And let me in this place movingly admonish you, ye ship-owners of Nantucket! Beware of enlisting in your vigilant fisheries any lad with lean brow and hollow eye; given to unseasonable meditativeness; and who offers to ship with the Phaedon instead of Bowditch in his head. Beware of such an one, I say; your whales must be seen before they can be killed; and this sunken-eyed young Platonist will tow you ten wakes round the world, and never make you one pint of sperm the richer. Nor are these monitions at all unneeded. For nowadays, the whale-fishery furnishes an asylum for many romantic, melancholy, and absent-minded young men, disgusted with the carking cares of earth, and seeking sentiment in tar and blubber.
There are many scenes early on in the work that highlight Ishmael’s character traits, but it is a passage in Chapter 35: The Mast-Head that stands out best to me. Ishmael is a sallow-faced dreamer, not much of a sailor or whale hunter, but a man who extrapolates upon his experience in great allegorical and metaphysical detail. What better ability, in a game system, to give such an observer than that of a mimic? Ishmael is rarely described as fulfilling ship’s duties, but often describes others performing those duties, pitying, loving, or fearing their aspect, even recording for us their inner monologues, especially those discovered profundities of Ahab’s private moments. Though it is Queequeg who declares himself and Ishmael to be ‘bosom friends’, Ishmael is bosom friend to all, and his story unfolds through the words and actions of others.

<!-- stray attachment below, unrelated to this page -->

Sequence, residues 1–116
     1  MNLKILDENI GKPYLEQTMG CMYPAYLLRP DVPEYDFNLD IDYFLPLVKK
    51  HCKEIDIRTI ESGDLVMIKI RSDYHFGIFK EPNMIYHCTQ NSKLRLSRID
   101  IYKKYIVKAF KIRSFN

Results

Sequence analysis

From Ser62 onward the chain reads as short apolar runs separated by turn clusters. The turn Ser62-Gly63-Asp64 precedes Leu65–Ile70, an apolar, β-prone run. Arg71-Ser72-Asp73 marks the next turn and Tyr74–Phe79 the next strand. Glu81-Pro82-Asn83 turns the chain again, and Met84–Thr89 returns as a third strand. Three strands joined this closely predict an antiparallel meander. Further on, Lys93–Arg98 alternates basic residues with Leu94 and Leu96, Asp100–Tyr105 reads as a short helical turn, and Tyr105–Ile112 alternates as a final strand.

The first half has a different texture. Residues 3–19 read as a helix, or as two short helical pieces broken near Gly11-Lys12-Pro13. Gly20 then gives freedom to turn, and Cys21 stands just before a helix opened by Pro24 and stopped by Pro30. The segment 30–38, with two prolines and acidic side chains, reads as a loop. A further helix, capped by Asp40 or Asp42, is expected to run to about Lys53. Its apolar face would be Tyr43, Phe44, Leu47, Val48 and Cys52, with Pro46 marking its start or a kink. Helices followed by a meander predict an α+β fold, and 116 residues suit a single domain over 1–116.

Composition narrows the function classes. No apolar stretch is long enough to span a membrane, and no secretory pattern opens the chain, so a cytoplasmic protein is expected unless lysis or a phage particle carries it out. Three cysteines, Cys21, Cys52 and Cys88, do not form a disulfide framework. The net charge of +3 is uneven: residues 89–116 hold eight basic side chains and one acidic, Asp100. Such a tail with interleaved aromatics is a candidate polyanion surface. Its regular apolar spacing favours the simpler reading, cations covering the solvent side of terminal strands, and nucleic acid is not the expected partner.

When Ishmael is lost in a hunt, he is gathered up by the next arriving whaleboat—soaking, shaken, at the edge of himself—always surviving, always present to witness and describe the heroic/demonic deeds of his mates.
One of the most iconic narrators in American literature, Ishmael’s voice is extremely complex and changes throughout the work. Many equate Ishmael with Melville himself, due to the effulgent and personalized nature of some of Ishmael’s impassioned ramblings. But Ishmael is more of a conduit than that—the wildness of his heart and his observant character allow Melville to take these flights with feet firmly planted on the ship itself—Ishmael’s cries go up with the rest.
Original Image Courtesy of The New Bedford Whaling Museum.